The ion source for DAEALUS is required to produce beams of  ions, free of weakly bound vibrational states, and an emittance suitable for axial injection into the DIC. For the near & mid sites, the beam current out of the source must be sufficient to produce the mA average proton current at 800 MeV (assuming a 20% duty factor).

To determine the required () current from the source, one must assess the overall efficiency of the transport and acceleration of the beam. By far the greatest losses occur during inflection and capture in the DIC. Once captured, the efficiency for transfer, acceleration, and extraction must be close to 100%.

A practical value for the phase acceptance is ; hence, only approximately 5% efficiency can be expected. A longitudinal bunching system in the LEBT improves the capture efficiency. Assuming a conservative bunching factor of two, an overall injection efficiency of 10% is conceivable; hence, the source has to deliver an average  current of 50 mA. The source can be pulsed to accommodate the 20% duty factor. For optimizing the rf-system, the pulse length will be between 1 and 10 milliseconds, this leads to a reduction of the heat load on the source, allowing for higher instantaneous power, and therefore, higher beam currents.

In principle, obtaining  ions is an easy extrapolation from conventional proton sources. An analysis of beams from such a proton source will always contain fractions of , , and other positive molecular ions arising from contaminants in the source. By adjusting operating parameters, the fraction of  can be improved; efficiencies as high as 80% for  have been reported joshi-1 (). However, no characterization of the vibrational state populations has been performed, nor attempts made so far to suppress the weakly bound ones.

3.1 Central region test

An experiment is being designed to study the beam dynamics from the existing Versatile Ion Source (VIS), designed and build at INFN-LNS (Catania), up to the matching point of the spiral inflector. The aim of the test is to study inflection and capture efficiency of high-current  beams in the central region.

Figure 6 shows the beam envelope through the LEBT: a 40 cm long solenoid that focuses the beam through a collimator placed about one meter away, downstream of the Wien filter. The Wien filter will be 15 cm long, with magnets producing a field of about 850 Gauss, and a crossed electric field of about 2 kV/cm separating the components of the beam: consequently only Q/A = 1/2 ions have the correct velocity to pass through the filter undeflected.

At the location of the slits, 40 cm downstream, the proton and  peaks are separated by about 6 cm. Downstream of the selection box, two quadrupoles and a second solenoid provide the necessary matching to the central region of the test cyclotron. In the actual DIC, these elements will be located within the axial injection line. The use of skew quadrupoles will add an additional degree of freedom for matching the beam into the inflector channel.

An rf-buncher, operating at the fundamental frequency, provides longitudinal compression and, hence, better capture efficiency. Space-charge forces will limit the effectiveness of this bunching, but the lower perveance of the  ion (compared to protons of the same velocity) is expected to be an advantage.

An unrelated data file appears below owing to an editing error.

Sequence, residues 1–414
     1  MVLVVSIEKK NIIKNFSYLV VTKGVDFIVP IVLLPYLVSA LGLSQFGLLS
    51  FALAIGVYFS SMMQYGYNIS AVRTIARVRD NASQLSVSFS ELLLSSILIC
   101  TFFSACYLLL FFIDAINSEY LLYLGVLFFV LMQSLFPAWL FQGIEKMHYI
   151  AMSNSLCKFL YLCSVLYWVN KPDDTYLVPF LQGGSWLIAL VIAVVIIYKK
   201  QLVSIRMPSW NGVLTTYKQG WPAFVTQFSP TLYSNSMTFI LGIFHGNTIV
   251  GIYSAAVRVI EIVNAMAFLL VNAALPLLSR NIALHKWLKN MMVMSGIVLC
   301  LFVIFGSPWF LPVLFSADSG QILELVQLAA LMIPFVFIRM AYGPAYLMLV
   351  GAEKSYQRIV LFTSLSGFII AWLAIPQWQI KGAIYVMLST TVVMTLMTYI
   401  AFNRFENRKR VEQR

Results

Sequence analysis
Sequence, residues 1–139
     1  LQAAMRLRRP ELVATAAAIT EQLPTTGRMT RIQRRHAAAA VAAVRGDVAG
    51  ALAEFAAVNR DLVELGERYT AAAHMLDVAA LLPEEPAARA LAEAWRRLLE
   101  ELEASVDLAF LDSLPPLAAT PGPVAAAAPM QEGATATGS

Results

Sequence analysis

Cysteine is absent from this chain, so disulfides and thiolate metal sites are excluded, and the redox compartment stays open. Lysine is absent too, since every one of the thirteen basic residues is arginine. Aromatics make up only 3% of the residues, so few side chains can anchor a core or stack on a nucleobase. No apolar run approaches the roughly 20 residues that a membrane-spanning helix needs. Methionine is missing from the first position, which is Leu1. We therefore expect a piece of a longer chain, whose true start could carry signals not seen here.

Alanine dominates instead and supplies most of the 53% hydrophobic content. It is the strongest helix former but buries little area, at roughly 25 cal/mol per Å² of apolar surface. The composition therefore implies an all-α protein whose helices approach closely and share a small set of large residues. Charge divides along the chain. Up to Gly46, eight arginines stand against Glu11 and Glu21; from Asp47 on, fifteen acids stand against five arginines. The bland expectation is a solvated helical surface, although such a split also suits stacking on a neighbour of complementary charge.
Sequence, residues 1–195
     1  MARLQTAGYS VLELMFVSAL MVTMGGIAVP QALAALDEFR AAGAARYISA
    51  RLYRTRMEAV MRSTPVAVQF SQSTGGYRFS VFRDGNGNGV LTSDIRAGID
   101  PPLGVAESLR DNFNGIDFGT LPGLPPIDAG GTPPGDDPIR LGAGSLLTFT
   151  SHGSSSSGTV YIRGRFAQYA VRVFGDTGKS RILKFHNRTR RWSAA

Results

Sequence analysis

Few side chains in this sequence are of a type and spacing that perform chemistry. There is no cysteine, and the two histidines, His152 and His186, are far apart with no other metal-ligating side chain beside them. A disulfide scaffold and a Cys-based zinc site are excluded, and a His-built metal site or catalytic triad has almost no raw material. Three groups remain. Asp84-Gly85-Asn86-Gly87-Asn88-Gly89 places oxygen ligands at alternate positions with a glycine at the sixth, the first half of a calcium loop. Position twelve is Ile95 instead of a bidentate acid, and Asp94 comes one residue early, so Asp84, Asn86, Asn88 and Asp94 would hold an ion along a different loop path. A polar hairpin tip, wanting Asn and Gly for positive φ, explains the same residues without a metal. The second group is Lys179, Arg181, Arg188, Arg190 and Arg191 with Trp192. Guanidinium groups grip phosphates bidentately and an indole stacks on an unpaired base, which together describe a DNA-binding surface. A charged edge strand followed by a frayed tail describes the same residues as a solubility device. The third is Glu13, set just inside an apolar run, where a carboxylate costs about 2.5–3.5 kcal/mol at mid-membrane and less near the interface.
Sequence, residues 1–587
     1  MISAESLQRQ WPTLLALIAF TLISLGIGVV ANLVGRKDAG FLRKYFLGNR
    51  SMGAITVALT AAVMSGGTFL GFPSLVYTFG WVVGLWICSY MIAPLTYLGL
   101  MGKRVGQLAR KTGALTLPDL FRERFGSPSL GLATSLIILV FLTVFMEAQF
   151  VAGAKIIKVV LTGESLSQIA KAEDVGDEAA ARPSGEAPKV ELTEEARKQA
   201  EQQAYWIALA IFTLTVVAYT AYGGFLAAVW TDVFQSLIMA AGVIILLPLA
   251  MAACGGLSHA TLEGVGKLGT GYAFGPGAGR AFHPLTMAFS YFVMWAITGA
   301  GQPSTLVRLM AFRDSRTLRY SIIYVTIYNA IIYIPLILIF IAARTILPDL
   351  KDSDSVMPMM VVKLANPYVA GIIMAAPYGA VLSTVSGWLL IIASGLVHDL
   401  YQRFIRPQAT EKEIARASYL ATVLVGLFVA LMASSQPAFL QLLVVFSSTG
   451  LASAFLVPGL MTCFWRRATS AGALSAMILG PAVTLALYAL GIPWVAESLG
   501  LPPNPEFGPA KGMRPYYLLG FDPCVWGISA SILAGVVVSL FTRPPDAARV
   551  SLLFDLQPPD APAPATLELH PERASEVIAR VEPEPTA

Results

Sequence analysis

While the operating parameters of this test (source extraction voltage, buncher and filter parameters, and inflector design) are not likely to be exactly those of the final design for the central region of the DIC, information gained from the tests is expected to provide baseline data that can be used to benchmark simulation codes that will be used to design the actual central region.

The versatile ion source

The compact VIS source trasco-1 (); celona-1 (); maimone-1 () is an off-resonance microwave discharge source operating at 2.45 GHz using permanent magnets and a simplified extraction geometry. Extraction from the VIS source is accomplished with a four-electrode accel-decel configuration to control backstreaming of electrons and maintain high-brightness optics for currents up to about 40 mA of protons at maximal 80 kV. The source has already demonstrated good continuos wave (CW) proton currents (35 mA) with normalized emittance below 0.2 mm-mrad.

A preliminary test for extracting  ions from this source yielded 20 mA from an 8 mm extraction aperture. Substantially higher currents can be obtained by increasing this aperture to 10 or 12 mm, while still maintaining an overall emittance within the expected acceptance of the cyclotron. In addition, different methods for exciting the plasma are being explored that might increase plasma density and improve source performance.

Figure 6: Beam envelope of the  beam along the injection line, from the ion source up to the spiral inflector of the DIC

Bunching

The ion source delivers a beam that is continuos, on the scale of the cyclotron rf-frequency. However, the cyclotron will only accept particles arriving within a narrow phase window of . This implies that only about 5% of the beam from the source will be captured in the cyclotron. In the first phase of the project a buncher in fundamental mode, and later a buncher running at the third harmonic of the rf, is expected to improve the bunching capture efficiency by factors of two to three. For bunching related discussions in this paper we assume a conservative bunching factor of two.